Scene I: Comfortable clothes

On the first day of first grade, her mother, Shira, dressed her in a denim skirt. Yael, who rarely wore skirts, protested. "I am an only daughter after two sons, and I was quite a tomboy; I got used to wearing pants in the summer." A skirt was not entirely suited to Yael's activities. She and her three closest girlfriends played on the school's basketball team. They regularly defeated the boys' team and represented the school in national competitions.

These days, Yael and all her girlfriends put on makeup for school. "I put on rouge and mascara, it takes two minutes, and a lot of times I regret it on the way, if we have a gym class. Some of the girls put on heavier makeup, but they're not part of my group - I think that's a little overdone for the morning.

"I like comfortable clothes. I have a slogan: Less is more. Even a T-shirt and jeans with heels is better than sparklers and things like that. For parties we invest in dresses and tunics, but usually you don't have to dress up too much on Fridays, because we go to somebody's house, sit in the yard and play Taki and Monopoly."

Scene II: One fish, two fish

Yael, her father and her two older brothers are sitting on the quay of Jaffa port around midday, holding fishing rods and waiting. When one of them feels the pull of a fish, he waits for the fish to swallow the bait and then reels it in, but instead of throwing it into a basket and taking it home, he unhooks the fish and throws it back into the sea. "We are the only ones who don't kill the fish," Yael says. "Everyone takes buckets of fish home, but we throw them back into the water."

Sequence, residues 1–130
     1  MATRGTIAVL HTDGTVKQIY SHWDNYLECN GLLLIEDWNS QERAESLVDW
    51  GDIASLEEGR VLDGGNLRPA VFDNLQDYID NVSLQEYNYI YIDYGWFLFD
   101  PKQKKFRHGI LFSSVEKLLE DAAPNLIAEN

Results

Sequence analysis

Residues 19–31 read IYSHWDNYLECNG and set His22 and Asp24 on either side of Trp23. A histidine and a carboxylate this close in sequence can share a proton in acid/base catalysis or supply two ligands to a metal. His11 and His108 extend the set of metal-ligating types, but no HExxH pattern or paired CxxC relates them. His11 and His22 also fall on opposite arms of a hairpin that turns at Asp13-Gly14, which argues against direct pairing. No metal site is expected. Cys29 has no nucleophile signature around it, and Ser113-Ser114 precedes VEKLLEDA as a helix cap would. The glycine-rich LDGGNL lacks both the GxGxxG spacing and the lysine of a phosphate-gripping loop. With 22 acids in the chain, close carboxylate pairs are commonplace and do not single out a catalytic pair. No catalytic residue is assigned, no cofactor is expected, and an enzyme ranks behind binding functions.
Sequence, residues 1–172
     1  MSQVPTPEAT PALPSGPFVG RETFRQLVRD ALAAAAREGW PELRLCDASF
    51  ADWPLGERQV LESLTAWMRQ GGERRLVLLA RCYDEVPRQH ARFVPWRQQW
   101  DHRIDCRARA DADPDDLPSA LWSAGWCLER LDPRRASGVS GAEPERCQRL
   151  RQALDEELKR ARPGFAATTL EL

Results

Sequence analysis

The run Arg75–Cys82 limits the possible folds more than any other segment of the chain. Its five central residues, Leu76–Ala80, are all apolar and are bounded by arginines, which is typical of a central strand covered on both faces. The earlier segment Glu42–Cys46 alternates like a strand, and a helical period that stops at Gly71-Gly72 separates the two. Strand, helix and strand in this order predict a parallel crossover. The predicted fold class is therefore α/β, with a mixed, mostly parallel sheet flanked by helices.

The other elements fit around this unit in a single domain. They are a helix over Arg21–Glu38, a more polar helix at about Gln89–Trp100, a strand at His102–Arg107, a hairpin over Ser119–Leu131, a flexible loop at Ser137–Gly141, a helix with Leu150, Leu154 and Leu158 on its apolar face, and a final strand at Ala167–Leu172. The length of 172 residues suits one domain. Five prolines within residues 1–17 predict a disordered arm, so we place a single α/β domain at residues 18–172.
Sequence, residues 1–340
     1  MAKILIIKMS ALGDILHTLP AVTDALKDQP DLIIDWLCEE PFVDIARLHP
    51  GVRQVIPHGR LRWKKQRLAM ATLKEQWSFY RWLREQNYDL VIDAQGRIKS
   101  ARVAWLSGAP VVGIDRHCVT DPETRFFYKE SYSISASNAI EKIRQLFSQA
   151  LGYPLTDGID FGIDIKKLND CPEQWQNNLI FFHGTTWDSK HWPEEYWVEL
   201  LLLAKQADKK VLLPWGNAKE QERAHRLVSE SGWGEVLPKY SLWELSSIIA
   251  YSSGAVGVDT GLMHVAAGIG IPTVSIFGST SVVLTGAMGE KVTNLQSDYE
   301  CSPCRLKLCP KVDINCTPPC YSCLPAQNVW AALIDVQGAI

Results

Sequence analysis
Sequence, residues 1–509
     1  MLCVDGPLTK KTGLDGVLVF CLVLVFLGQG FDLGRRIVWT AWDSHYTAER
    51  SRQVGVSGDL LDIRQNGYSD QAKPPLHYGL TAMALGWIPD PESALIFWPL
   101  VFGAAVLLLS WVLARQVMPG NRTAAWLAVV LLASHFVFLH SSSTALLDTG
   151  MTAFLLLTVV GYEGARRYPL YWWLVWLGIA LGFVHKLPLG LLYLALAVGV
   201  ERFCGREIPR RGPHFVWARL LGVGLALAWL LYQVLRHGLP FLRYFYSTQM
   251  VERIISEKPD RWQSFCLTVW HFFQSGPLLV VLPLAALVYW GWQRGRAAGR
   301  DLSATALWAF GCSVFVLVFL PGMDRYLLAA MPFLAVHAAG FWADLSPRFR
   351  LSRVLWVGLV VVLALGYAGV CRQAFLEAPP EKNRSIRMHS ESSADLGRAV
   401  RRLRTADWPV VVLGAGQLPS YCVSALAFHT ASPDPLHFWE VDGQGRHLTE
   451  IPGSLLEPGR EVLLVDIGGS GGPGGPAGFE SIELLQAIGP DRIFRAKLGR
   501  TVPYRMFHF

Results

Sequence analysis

Scene III: Illness

Yael and four of her friends in the communications track are in the Bat Yam home of David Primo, a former member of the Israel national soccer team. Primo has cancer of the throat, and the students, who are making a documentary film about him, are going over photographs of former players, games and trophies with him. "The boys went into shock when they saw the hole in his throat, and the girls stayed to interview him," Yael says. "You don't actually see a hole - it's covered by a dressing - but every so often he changes it, and then you see there is something underneath.

"We started to talk to him about the past and about sports and then we stopped shooting and asked if we could ask him about the disease, and he said it was all right and answered all the questions. He told us that the cancer was discovered four years ago and they said he might die."

Yael relates that since then he crosses her mind every now and again. "It made me think about old age and death," she says. "Every so often I ask my grandmother about death. I thought about it after I dreamed that something happened to her and she was hospitalized. I asked her if she isn't afraid to die and she doubled over with laughter and asked me what kind of questions I was asking. As she was saying that there is nothing to be afraid of, tears started to roll down her face."